Every day, an average of 23,000 people around the world are forced to flee their homes because of war or the threat of persecution. Many end up crossing international borders and becoming refugees; millions of people each year migrate in a dizzying series of paths. Now a new infographic for The Refugee Project for the first time maps out each refugee migration since 1975.
The project started when designers at the firm Hyperakt discovered a mountain of data during a visit to the U.N. High Commission for Refugees in Geneva. “We were kind of blown away by the content that they had and saw that the way they were using it was not as compelling as it could be,” says Deroy Peraza, principal and creative director at Hyperakt. The team partnered with Ekene Ijeoma, and then poured 500 hours of volunteer work into building the website.
On the interactive map, circles around each country expand and contract as the flow of refugees grows or slows, and a heatmap at the bottom shows how volumes have changed over time. Radiating lines show the countries where refugees have found asylum. The site also goes beyond simply making the data clearer-a toggle switch on the graphic shows the number of refugees as a percentage of population, a comparison the U.N. hadn’t made before.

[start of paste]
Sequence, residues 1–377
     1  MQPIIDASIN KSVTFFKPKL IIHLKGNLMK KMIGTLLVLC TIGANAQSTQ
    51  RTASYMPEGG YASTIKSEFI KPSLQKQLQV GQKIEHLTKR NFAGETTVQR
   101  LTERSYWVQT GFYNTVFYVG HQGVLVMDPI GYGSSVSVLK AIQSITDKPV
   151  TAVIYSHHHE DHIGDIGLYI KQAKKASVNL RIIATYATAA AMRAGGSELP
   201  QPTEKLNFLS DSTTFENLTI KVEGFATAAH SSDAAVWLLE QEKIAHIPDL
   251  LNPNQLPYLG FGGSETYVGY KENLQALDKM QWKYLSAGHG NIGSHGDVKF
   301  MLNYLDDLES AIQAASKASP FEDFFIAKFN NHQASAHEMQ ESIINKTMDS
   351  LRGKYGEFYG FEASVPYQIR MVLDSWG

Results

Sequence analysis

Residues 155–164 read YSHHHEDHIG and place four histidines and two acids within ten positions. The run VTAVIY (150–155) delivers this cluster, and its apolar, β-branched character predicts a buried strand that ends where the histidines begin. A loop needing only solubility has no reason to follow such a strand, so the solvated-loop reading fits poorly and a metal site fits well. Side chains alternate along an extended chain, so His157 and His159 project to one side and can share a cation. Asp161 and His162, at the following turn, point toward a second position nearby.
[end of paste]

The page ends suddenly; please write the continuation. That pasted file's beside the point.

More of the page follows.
“There are small countries who at some point in history had a very large of their population leave, but they’re often not as big a story because the sheer volume of refugees is not as big as other countries. But to that country’s reality it must have been a tremendous impact,” says Peraza.
The website also includes headlines for turning points in each country’s history, to help provide context behind the migrations. Peraza says the team wants to keep adding more stories. “We’d like to do some reporting and testimonials with refugees to add a more human face to this project,” he says. “Right now, it’s really meant to be sort of an atlas.”
Another facet the team hopes to add, assuming they find funding to continue work on the project, is the story of asylum–not just the places that refugees have fled, but the countries that have taken them in.
“We see this as the tip of an iceberg of data,” Peraza says. “There’s just a lot more that we’d like to add to it.”